Rafael Nadal’s Shoemaker Shows Why Small Is BeautifulAndrew Roberts
As luxury-goods companies such as LVMH Moet Hennessy Louis Vuitton SA struggle to reconcile their global presence with an exclusive cachet, the shoemaker to tennis champ Rafael Nadal says it’s benefiting from being small.
Sales of Corthay shoes, which can cost more than $10,000 for a bespoke pair, are growing “very strongly’” as wealthy shoppers increasingly seek rare and refined products, said Xavier De Royere, the French company’s chief executive officer.
“The ecosystem needs small fish,” De Royere said in an interview at closely-held Corthay’s workshop and store near Place Vendome in Paris. “You can’t have every single shopping mall in the world looking alike.”
Luxury demand is shifting as supply increases. To cater to the wealthiest shoppers who want products few others have, widely available brands such as Louis Vuitton and Kering SA- owned Gucci are curbing expansion and adding more expensive goods. LVMH last week reported profit that trailed analysts’ estimates amid weakening Asian demand at its fashion and leather-goods unit. Kering reports first-half earnings tomorrow.
“There is a contradiction between being distributed everywhere and being exclusive,” said Eraldo Poletto, CEO of handbag maker Furla SpA. “Luxury often just means expensive.”
The hunt for rarity plays to small elite brands such as Corthay that offer something new, according to Rahul Sharma, managing director of Neev Capital.
The shoemaker, founded in 1990 by Pierre Corthay, operates six stores in Europe, Asia and the Middle East and also sells its colorful footwear in retailers including Saks Inc. Prices for ready-to-wear models such as the Casanova Oxford start from about $1,500. The company has about 500 clients for its bespoke shoes, including Nadal and actors Clive Owen and Cate Blanchett.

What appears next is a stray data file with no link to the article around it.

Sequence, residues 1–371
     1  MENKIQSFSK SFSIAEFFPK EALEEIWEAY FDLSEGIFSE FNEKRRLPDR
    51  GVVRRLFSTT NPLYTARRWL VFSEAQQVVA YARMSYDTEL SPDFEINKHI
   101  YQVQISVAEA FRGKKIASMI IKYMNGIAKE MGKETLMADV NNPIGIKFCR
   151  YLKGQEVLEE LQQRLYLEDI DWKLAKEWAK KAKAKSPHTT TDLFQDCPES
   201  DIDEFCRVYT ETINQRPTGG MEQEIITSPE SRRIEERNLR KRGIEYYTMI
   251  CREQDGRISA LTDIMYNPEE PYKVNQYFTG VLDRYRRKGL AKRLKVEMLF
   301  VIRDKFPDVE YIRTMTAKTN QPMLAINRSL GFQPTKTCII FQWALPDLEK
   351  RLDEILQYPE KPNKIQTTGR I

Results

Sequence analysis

“Customers are really happy to be somewhere different and somewhere small-scale,” said De Royere, who invested in Corthay in 2010 after almost 15 years at LVMH, where he worked for the Vuitton and Loewe brands.
Corthay’s size and preference for small stores also helps with distribution as larger luxury companies compete for the biggest, and best, selling space, according to De Royere. By offering something different, “we’re able to secure top-quality locations” next to brands such as LVMH-owned Fendi and Givenchy, while keeping the shopping experience intimate.
“We’re not fashion dictators,” said Pierre Corthay in a workshop under the store, surrounded by rolls of animal skin, including elephant hide. “But nice Corthay shoes can really help ugly suits.”
As Corthay opens more stores, including in New York next year, the challenge is to avoid “going too fast from hard-to-find to hard-to-miss,” said De Royere, citing Yves Carcelle, his former boss at Louis Vuitton. De Royere declined to disclose financial information.
“It’s a small baby that we’re trying to cherish and develop in a healthy way,” he said, “not force-feed him like foie gras.”
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